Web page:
EDINBURGH.- The Fruitmarket Gallery
commissioned a new work of public sculpture by Turner-Prize winning Scottish artist Martin Creed for Edinburghs historic Scotsman Steps. Work 1059 is a feast for the eyes 104 steps leading from the Scotsman Hotel on North Bridge to Waverley Station and The Fruitmarket Gallery on Market Street, each step clad in a different colour of marble.
Martin Creed is an artist of international reputation, who makes work of the highest quality. His work is generous, direct and convincing, with an economy of means that belies the complexity of its affect. In 2001, he won the Turner Prize with Work No. 227: The lights going on and off. His recent exhibition Down Over Up at The Fruitmarket Gallery was one of the highlights of the 2010 Edinburgh Art Festival, with over 60,000 visitors and an extremely positive press and popular reaction.
The Scotsman Steps were built in 1899 as part of the Scotsman Building for the Scotsman newspaper. The Steps are contained in an octagonal stone tower and form a pedestrian link between Edinburghs old and new towns. The Steps were somewhat dilapidated, and have been refurbished by Edinburgh City Council and Edinburgh World Heritage. Creeds sculpture is a key addition to the refurbishment.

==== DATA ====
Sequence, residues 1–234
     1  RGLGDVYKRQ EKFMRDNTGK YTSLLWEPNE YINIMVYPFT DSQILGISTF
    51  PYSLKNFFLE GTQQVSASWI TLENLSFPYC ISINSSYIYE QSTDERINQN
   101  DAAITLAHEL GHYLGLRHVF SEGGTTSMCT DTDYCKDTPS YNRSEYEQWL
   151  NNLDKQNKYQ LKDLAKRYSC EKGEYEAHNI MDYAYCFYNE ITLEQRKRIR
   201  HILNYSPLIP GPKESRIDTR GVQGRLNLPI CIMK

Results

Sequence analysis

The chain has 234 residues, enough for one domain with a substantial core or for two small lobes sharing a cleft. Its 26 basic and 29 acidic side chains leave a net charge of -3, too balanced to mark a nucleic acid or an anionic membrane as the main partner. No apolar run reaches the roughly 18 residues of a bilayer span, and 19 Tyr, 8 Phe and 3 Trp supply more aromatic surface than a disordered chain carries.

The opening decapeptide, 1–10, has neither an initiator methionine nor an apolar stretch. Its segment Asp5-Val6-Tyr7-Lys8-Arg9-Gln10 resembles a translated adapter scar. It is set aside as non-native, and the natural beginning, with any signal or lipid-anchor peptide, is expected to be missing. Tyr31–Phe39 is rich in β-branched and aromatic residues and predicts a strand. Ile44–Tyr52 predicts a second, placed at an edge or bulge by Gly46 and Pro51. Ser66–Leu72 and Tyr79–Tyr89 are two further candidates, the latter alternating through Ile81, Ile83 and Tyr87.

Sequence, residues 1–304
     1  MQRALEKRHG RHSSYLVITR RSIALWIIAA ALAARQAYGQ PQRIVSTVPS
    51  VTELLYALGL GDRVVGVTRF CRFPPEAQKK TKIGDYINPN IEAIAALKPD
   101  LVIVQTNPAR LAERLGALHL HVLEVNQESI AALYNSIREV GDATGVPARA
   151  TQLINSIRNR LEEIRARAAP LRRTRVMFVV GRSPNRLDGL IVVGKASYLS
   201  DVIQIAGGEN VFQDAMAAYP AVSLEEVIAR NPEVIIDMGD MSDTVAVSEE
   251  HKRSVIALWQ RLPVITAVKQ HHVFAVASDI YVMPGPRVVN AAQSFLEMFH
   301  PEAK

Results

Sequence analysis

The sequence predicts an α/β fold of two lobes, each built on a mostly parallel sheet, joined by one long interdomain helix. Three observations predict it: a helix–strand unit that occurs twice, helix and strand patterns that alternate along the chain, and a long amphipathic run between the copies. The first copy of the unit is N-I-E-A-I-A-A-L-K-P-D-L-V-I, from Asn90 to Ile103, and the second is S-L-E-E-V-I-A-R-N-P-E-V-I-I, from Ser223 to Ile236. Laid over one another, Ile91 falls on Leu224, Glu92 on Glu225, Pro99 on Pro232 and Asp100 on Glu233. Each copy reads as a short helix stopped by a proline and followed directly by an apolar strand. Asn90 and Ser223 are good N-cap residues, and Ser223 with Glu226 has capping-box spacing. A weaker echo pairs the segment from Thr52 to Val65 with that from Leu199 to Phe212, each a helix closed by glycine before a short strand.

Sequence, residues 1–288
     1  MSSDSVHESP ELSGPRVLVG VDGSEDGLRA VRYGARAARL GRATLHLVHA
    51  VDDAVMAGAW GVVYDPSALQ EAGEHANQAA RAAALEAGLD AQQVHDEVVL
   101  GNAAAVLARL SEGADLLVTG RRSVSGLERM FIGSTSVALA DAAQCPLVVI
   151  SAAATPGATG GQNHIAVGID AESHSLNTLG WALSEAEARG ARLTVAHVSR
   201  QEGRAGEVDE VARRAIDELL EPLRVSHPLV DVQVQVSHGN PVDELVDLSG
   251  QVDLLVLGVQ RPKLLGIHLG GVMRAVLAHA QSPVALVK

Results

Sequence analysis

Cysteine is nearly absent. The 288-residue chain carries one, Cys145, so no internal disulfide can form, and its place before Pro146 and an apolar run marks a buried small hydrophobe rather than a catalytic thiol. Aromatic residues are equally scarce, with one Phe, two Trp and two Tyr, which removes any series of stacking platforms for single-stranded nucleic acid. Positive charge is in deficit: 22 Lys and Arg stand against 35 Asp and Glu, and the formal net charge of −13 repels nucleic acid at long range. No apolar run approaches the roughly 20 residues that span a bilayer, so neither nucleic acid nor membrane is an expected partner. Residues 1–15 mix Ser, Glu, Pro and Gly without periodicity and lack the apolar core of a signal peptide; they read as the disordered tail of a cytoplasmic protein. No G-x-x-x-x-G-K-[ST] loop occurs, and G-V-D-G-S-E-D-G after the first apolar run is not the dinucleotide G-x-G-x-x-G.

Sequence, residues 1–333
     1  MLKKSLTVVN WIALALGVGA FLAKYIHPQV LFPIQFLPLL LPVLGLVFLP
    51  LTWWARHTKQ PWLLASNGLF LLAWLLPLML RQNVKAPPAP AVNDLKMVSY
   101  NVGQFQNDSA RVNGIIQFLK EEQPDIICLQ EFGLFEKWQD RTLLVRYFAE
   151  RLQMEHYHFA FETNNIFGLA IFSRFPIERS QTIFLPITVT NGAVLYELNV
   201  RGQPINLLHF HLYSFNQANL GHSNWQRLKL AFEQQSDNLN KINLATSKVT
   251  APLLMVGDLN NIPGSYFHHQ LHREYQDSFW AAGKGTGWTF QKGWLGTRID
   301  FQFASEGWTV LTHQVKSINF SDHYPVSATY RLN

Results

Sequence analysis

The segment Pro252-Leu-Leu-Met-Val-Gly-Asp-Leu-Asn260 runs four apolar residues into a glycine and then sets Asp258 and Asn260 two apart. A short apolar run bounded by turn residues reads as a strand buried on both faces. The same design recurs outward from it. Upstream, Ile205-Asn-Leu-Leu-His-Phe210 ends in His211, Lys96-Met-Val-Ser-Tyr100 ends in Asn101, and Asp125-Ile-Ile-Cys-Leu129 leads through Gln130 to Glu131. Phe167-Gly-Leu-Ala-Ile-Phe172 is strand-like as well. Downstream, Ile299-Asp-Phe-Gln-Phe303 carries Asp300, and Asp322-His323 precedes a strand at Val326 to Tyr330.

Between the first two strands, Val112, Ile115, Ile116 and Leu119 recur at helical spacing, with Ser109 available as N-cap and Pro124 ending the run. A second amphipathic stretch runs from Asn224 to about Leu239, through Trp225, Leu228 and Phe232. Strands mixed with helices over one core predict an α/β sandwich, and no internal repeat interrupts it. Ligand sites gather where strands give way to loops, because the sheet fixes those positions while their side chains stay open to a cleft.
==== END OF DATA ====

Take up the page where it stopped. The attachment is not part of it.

Work 1059 sees Creed re-surfacing the Scotsman Steps with different and contrasting types of marble from all over the world, creating a visually spectacular, beautiful and thoughtful response to this historic artery. Creed describes the project as a microcosm of the whole world stepping on the different marble steps is like walking through the world, the new staircase dramatising Edinburghs internationalism and contemporary significance while recognising and respecting its historical importance. This is both a typical Creed idea, involving as it does the direct engagement of the public in a work whose simplicity belies its conceptual and architectural complexity, and an appropriate response to the particular situation of the Steps. Built into the fabric of Edinburgh, this new work will become a new and joyful part of the experience of the city for both inhabitants and visitors alike.